Tourism 2020 Vision, commissioned by the World Tourism Organisation (UNWTO), was Crusader’s first contract. Working with Robert Cleverdon Associates, the aim was to predict what tourism would look like in 2020. So before we look at what we’ve been up to over the last 21 years it would only be right to present our credentials by investigating our vision then for tourism in 2020!

Well, we are delighted to report that our forecast of 1.6 billion international tourist arrivals in 2020 looks like being almost spot on! In 2016, the UNWTO reported over 1.2 billion tourist arrivals worldwide, and current growth rates indicate this reaching at least 1.5 billion by 2020. However, our forecast of tourists spending US$ 2 trillion by 2020 looks a little overcooked – current data suggests it will be around US$ 1.6 trillion.

We predicted that the most visited tourist destinations in 2020 would be China, France, and USA, in that order. Today France and USA occupy the top two places, followed by Spain, with China in 4th place, but rapidly climbing. There’s a good chance it will be in the top spot by 2020.

The Tourism 2020 Vision work led us to focus on the future of tourism, and we set up a publication called Tourism Trendspotter on the back of this expertise. Matt ‘n’ Jeff were the two ignorant and politically incorrect tourists that brought to life some of our forecasts. They ended up as space tourists, visiting the Antarctic, taking religious tourism trips, and purchasing holidays on the Internet (yes, back in the late 1990s that was still quite a novel concept!)

Whilst we predicted strong growth in segments such as adventure tourism, cruises, and thematic tourism over the period to 2020, our suggestion that space tourism would be commonplace, albeit not mass-market, is still a little premature!


So having started off trying to predict where we would be today, and I think making a reasonable job of it, what have we been doing in the intervening 21 years?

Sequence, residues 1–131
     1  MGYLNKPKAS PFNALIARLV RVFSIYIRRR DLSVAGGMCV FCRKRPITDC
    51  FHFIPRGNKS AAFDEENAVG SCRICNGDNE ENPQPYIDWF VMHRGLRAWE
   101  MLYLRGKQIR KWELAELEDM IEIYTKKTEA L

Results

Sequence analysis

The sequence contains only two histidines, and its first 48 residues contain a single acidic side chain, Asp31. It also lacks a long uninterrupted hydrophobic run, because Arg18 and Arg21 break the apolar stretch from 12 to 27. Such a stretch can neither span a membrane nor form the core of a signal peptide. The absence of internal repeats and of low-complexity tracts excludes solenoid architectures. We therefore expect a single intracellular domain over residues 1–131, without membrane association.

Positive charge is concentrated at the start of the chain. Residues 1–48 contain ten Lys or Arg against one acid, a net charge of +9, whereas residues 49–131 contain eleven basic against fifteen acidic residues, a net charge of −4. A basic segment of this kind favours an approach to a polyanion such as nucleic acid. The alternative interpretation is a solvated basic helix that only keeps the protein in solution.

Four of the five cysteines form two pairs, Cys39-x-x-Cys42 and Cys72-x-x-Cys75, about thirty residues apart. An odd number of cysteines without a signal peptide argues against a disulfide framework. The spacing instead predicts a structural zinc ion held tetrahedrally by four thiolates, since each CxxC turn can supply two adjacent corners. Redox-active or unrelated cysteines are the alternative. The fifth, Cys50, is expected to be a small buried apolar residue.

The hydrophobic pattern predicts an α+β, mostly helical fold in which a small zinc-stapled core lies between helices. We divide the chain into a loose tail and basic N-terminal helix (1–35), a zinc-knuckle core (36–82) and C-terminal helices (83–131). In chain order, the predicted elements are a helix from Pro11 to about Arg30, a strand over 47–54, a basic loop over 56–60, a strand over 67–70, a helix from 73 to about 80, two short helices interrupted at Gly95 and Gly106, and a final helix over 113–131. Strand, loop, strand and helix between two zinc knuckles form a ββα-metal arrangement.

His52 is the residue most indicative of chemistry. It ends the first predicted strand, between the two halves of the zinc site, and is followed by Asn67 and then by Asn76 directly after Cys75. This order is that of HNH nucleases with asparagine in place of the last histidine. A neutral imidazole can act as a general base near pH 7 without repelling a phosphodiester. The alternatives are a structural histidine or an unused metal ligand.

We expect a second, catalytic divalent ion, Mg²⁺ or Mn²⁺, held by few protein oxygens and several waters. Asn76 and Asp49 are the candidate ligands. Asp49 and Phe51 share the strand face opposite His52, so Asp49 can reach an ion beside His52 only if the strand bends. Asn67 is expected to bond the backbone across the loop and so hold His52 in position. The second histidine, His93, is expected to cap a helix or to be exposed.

Well, essentially it has been a grand tour of the globe. We’ve worked in 72 countries in every continent: that is over one third of the world’s countries. There are some areas we’ve been to more than others. Africa is well trodden, and so is the Middle East and, naturally, the United Kingdom. Some destinations that held so much promise during our studies now lie in ruins, most notably Syria, Libya, and Yemen. Small islands have become a speciality. Most of the tiny islands of the South Pacific have been the focus of some of Acorn’s work, including the wonderfully remote Tuvalu, which holds the honour of being the least visited country in the world! Other beautiful and remote destinations we have worked in include Saint Helena in the South Atlantic (five days on a ship) and the Falkland Islands and we’re currently working with 12 Caribbean islands including the Colombian owned Isla de Providencia.

Twenty-one years ago we predicted huge growth in adventure tourism by 2020, and in particular suggested that as the world becomes increasingly explored there will be a trend of tourists travelling to high places, under water, to the ends of the earth, and off the planet itself. The World Tourism Organisation organised a conference around this forecast, and it became known as Mountain High – Ocean Deep – Ends of the Earth – Moon and Space.

Interestingly, that closely reflects our work today. We’re up in the mountains in Lesotho developing high altitude tourism; we are working on an exciting and (at present confidential) underwater project; we are marketing a destination on the edge of the Antarctic – the Falkland Islands; and, well we’ve not made it into space yet, but Matt ‘n’ Jeff are still up there, somewhere!

Kevin Millington, Director, Acorn Tourism Consulting Limited

October 2017


Measuring tourism you can manage!

There’s an old adage that goes: You can’t manage what you can’t measure.

Every destination around the world measures its tourism performance on the number of arrivals and how much these visitors spend. However, as we have seen over the last 30 years, tourism is affected my many external factors ranging from wars, terrorism, and disease, through to the global economy. You can run the perfect marketing campaign but still see numbers go down! So by measuring tourist arrivals it can be argued that destinations are measuring what they can’t (at least completely) manage.